Julie Underwood, dean of the School of Education at the University of Wisconsin, studied the ALEC education agenda and concluded:  A key component consisted of chipping away at local school districts and school boards through its 2009 Innovation Schools and School Districts Act and more. Proposals like the Public School Financial Transparency Act and School Board Freedom to Contract Act would allow school districts to outsource auxiliary services.
ALEC’s real motivation for dismantling the public education system is ideological—creating a system where schools do not provide for everyone—and outcomes are profit-driven. The corporate members on its education task force include the Friedman Foundation, Goldwater Institute, Washington Policy Center, National Association of Charter School Authorizers and corporations providing education services, such as Sylvan Learning and the Connections Academy.
Public schools are not merely schools for the public, but institutions where we learn what it means to be a public and start down the road toward common national and civic identity.  What happens to our democracy when we return to an educational system whose access is defined by corporate interests and divided by class, language, ability, race and religion?
Underwood asks, in a push to free-market education, who pays in the end?

Don Whittinghill

Monday, June 6, 2011

All that Glitters is not Gold

Listen UP!
School Performance 2011 is here

All that Glitters is not Gold

Grabbing headlines recently was news that the state-run Recovery School District (RSD) student population at basic or above had jumped more than four times the state average between 2007 and 2011.

The state average for that period was 66, while the RSD-New Orleans rested at 48 (a five point gain over the 2010 scores).  The State gain was 1%, and the Orleans Parish School Board (OPSB) stood at 82 with just a two point increase.

Not an insignificant gain for the RSD-NO.  But the end of the tale is that there remains a 23% gap between the state average and the RSD-NO; and an even larger gap of 41.5% for OPSB.

 The goal for Louisiana districts is to have all students at Basic or above by 2014.  The 2011 iLEAP for 3rd grade test takers reveals the stark reality that the percent of students, statewide, who are at Approaching Basic (AB) or Unsatisfactory (UNSAT) numbers 25%; for the RSD-NO the number is 52%, more than double the state average of kids still looking to reach Basic.  The OPSB, meanwhile, shows only 22% of its students failing to make Basic or beyond.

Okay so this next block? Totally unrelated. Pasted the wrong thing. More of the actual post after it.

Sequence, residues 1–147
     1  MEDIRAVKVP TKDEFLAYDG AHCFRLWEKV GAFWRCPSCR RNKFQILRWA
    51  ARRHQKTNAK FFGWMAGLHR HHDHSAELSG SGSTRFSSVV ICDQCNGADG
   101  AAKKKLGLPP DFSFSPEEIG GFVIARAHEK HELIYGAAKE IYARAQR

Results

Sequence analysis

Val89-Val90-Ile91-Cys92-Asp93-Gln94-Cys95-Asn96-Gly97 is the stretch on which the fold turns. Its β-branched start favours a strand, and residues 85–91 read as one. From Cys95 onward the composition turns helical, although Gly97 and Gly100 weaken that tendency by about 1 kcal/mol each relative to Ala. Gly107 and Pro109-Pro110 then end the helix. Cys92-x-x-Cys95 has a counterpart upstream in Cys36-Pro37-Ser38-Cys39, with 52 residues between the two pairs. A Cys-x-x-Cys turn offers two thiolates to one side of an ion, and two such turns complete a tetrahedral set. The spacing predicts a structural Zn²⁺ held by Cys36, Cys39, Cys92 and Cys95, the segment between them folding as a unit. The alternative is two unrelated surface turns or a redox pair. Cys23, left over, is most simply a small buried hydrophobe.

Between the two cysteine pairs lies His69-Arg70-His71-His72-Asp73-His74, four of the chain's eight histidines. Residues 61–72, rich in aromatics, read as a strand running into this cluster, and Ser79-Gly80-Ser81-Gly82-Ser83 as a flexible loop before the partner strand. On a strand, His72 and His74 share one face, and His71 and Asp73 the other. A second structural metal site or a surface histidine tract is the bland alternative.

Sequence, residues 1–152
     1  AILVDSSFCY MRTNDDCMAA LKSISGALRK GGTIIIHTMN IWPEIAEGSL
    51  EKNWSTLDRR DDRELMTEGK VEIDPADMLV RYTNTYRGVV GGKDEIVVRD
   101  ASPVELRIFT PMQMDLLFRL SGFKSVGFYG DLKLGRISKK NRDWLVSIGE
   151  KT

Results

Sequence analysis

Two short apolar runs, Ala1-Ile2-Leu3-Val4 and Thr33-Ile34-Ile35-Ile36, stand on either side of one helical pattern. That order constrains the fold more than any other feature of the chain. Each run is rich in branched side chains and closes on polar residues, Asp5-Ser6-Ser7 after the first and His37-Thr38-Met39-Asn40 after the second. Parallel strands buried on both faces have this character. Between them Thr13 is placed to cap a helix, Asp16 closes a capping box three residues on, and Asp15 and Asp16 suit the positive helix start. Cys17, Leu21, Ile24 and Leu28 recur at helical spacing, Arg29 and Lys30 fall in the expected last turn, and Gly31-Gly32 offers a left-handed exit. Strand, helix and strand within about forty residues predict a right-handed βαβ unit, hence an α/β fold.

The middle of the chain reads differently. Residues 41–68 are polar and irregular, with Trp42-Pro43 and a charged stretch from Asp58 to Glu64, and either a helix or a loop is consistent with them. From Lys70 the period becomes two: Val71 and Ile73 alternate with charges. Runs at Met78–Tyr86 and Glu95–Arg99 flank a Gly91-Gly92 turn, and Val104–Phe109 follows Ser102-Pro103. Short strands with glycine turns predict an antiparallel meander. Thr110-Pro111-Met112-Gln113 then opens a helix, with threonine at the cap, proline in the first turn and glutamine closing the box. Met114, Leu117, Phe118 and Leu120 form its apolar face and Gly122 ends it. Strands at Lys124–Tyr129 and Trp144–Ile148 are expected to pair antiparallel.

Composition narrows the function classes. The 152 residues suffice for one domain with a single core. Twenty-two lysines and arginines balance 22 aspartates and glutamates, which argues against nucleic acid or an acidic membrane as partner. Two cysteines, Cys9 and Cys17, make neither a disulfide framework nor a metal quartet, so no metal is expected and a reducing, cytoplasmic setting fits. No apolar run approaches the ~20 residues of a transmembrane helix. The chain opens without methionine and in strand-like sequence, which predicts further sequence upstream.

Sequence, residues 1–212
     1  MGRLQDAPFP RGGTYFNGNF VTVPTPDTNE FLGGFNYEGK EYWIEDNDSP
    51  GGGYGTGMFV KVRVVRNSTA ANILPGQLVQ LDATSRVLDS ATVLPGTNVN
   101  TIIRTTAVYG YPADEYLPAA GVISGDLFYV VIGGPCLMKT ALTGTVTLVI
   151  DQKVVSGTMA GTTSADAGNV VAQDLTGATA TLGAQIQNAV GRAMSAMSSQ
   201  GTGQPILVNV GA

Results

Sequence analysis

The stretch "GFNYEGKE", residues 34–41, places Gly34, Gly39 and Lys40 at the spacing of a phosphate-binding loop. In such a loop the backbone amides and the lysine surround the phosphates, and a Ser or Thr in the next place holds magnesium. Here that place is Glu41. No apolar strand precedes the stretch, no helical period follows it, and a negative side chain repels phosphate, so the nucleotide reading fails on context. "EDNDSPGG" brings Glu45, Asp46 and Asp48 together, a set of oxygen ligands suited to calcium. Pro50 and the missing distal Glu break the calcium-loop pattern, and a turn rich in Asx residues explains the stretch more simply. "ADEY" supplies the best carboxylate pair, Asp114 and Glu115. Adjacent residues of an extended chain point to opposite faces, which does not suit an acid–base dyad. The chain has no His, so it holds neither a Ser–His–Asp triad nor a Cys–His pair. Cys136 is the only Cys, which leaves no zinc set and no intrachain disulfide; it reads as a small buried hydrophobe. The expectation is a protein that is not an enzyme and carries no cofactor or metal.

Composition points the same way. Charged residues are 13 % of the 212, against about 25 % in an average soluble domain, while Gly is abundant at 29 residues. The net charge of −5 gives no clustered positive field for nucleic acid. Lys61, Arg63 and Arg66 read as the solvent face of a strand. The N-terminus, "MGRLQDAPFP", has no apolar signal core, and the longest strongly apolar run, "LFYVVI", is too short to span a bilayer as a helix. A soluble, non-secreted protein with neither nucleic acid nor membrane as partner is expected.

When the 2011 test charts of the State Department of Education are evaluated to find the percentage of students meeting promotional standards on the LEAP tests, much the same gap occurs.  The charts show that 64% of RSD-NO students met promotional standards.  The State average was 80% and the OPSB 95%.

The opportunity to introduce more glitter into the RSD-NO performance brought headlines from Leslie Jacobs that New Orleans scores showed "impressive gains and once again improved much more than the state.”

Combining the scores of the OPSB and RSD brings the high performing scores of the OPSB (with 95% of all tested students at Basic or Abovc in ELA, 91% in mathematics, 85% in Science and 92% in Social Science) and those of the RSD-NO that scores 60% ELA, 56% in math, 39% in science and 51% in social studies. 

The disaggregation of the scores seems to tarnish the data presented on behalf of the RSD-NO.  Unfortunately, all boats are not lifted to the same elevation in a rising tide, and the state does not manage OPSB schools that outstrip RSD-NO scores by more than a third.

When reviewing OPSB scores in 4th grade ELA testing charts the 2009 score was 88% at Basic or Above, in 2010 that score improved in 2011 to 95%.  That compares with RSD-NO that started at 52% at Basic or Above in 2009 and rose to 60 in 2011.  Both district scores fell slightly in 2010.

Conventional wisdom admits that it is more difficult to make substantial gains in high performing and in higher graded schools.  That the OPSB increase, in promotional standards met, gained five points while the RSD-NO gained six is a significant accomplishment for the OPSB.  Study the individual RSD-NO School Performance Scores and it is clear that there now exists a two-tier system of poor and better schools.  While RSD-NO scores are rising, they did pre-Katrina as well, there are some indicators that some kids are being dumped into lower performing schools so as to build scores in the originally assigned school.

Laurel and Live Oak are two RSD-NO schools that do sustain all students and they boast 60 and 70% failure rates.

A byproduct of RSD-NO performance is the apparent two-tiered system that perpetuates schools at the bottom of the state rank ordering of School Performance Scores.  An example can also be found in the Algiers charters where Behrman and McDonogh 32 scores, from the same operator, produced 100% pass rates on 4th grade English LEAP, while a few blocks away the other posted an appalling 33% pass rate on the same test.